Yes, it's back!
In the 1980's, at the same time that Watchmen and Batman: The Dark Knight Returns were redefining mainstream comics, there was also an explosion in black-and-white comics put out by smaller independent publishers. These comics ranged from the mainstream-parody Teenage Mutant Ninja Turtles to rank imitations like Adolescent Radioactive Black Belt Hamsters to serious (though experimental) titles like Maus and A Life Force, as well as a ton of non-superhero action titles like The Realm and Trollords and Eagle.
And in 1986, Fantagraphics Books published a 10 issue miniseries titled Threat. It was an anthology series, and you can tell by the title that it was meant to be full of the edgy edginess of which Fantagraphics believed itself to be the leading edge. The four titles running concurrently in each issue (and alternating covers) were:
"Enigma," about a cute little cartoon assassin who roams the wastelands like Lil' Mad Max, killing muties with a big wrench. Was it edgy? Let's see. Hip ironic detachment? Check. Graphic violence rendered in a humorous, funny-animal style? Check. Trendy, new-wave graphics in the logo? Oh yeah, check.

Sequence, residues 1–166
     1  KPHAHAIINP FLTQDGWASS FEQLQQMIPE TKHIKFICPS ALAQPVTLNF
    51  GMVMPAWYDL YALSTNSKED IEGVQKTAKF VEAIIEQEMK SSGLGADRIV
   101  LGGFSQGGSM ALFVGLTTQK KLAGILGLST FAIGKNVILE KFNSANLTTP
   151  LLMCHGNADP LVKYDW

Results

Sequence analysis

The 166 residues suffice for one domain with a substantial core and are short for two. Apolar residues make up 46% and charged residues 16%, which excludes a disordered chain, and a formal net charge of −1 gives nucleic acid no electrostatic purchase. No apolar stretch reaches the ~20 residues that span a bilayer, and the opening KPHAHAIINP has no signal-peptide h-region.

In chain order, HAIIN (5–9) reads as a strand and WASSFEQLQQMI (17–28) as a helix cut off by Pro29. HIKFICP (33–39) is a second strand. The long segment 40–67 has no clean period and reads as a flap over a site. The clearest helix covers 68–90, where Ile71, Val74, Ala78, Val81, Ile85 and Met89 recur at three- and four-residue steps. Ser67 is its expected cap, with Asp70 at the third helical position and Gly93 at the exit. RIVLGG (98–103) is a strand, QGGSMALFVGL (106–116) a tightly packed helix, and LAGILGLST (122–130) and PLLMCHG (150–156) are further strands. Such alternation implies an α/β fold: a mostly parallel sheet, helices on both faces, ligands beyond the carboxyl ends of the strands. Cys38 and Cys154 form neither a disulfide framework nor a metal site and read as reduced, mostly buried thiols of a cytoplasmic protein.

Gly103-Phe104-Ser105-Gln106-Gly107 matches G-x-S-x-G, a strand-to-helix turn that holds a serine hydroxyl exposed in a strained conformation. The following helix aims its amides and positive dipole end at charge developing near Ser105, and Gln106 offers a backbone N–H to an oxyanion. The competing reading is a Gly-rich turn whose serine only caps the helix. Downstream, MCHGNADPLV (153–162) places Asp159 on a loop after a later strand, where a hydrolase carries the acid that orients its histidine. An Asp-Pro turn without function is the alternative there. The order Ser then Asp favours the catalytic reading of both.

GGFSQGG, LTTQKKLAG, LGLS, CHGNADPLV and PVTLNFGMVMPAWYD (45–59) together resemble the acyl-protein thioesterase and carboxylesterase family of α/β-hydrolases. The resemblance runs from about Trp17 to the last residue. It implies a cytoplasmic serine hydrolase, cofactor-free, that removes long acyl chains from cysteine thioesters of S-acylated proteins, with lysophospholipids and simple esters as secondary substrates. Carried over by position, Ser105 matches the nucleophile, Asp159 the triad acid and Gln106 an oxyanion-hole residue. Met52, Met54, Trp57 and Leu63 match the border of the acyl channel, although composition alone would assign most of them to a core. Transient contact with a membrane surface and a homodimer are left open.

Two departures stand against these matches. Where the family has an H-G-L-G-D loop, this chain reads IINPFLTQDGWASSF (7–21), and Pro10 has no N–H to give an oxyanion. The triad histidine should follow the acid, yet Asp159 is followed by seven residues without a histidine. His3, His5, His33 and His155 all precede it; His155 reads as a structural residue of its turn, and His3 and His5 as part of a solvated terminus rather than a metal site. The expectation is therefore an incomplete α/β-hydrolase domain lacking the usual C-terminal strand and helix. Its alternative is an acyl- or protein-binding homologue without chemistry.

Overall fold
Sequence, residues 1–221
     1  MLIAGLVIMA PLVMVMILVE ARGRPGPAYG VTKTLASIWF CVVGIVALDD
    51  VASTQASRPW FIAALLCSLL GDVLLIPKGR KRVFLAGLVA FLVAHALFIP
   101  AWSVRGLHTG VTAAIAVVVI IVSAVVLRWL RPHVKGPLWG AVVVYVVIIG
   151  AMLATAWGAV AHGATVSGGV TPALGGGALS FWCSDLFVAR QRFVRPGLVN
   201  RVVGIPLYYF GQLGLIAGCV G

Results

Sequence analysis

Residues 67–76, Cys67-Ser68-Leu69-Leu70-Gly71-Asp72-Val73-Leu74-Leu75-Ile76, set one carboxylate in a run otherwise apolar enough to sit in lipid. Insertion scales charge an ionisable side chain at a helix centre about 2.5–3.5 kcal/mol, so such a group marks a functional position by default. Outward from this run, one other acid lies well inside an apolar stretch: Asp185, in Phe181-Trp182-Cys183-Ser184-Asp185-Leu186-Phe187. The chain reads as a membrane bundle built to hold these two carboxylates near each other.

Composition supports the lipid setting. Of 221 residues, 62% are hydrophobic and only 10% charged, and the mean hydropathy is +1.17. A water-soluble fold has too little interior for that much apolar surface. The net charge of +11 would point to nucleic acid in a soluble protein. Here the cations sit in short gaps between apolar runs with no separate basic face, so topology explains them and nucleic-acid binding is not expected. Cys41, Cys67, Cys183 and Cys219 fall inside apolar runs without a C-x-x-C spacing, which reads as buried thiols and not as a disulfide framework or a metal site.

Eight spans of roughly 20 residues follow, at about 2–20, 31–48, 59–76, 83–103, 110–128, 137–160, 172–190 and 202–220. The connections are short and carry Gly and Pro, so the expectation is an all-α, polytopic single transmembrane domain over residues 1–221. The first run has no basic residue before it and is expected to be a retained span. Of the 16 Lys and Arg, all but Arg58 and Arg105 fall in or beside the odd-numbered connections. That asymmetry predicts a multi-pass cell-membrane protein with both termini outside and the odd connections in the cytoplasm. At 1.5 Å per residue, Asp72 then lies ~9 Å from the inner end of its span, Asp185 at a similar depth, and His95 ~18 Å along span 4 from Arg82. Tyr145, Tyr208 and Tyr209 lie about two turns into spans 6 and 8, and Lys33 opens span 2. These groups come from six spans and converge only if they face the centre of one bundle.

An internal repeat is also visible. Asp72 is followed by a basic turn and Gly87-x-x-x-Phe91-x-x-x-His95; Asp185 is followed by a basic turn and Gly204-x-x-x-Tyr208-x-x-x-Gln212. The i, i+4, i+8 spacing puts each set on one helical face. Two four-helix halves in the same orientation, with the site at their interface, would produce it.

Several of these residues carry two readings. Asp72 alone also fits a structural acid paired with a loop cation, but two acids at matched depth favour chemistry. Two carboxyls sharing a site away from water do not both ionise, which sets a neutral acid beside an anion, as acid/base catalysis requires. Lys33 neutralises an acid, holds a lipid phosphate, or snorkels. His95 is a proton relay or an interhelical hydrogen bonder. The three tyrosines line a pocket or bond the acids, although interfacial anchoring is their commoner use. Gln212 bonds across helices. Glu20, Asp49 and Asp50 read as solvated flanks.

"Zone," a drama about a mysterious creature roaming the polluted wastes of New Jersey. Was it edgy? Let's see. An aspiring writer and a goth-punk art school girl who always dresses in black as main characters? Check. Clunky environmentalist message in the main storyline alternating with abstract tone-poem interludes? Check. Trendy, new-wave graphics in the logo? Oh yeah, check.
"Bob Mercenary," a futuristic comedy-action story about a mercenary named Bob (that's him on the front cover of issue 1 above). Was it edgy? Let's see. Stylized, cartoony hero juxtaposed in a more realistic world? Check. Trendy, new-wave graphics in the logo? Oh yeah, check.
"The Holo Bros," a science-fiction comedy about a group of spacefaring thieves who get caught up in royal intrigue. Was it edgy? Let's see. Funny animal aliens who just happen to look sort of like the Three Stooges engaging in lethal violence? Check. Trendy, new-wave graphics in the logo? Oh yeah, check.
Which is not to say that Threat was bad, only that in execution, it was never as good or as cool as it obviously thought it was. Jim Rohn, writer/artist of "The Holo Bros," went to draw Battle to the Death for Imperial Comics. And Jay Geldhof, artist on "Bob Mercenary," went to acclaim as the inker for the Pander Brothers on Matt Wagner's first big story arc on the Grendel series.
But looking at it from almost 25 years on, it's obviously a product of its times and not a second more, cemented in the graphic trends of the early-to-mid-80's. Every issue had a special piece of artwork on the inside front cover, accompanying the Table of Contents, and just about every one looks like this one--attractive, but dated.
The Wave, It Is New!
The thing about the edge, you see, is that it's really thin, and though it may be sharp, it doesn't stay sharp for long. By the time Threat reached its last issue (number 10), it's edge had grown extremely dull.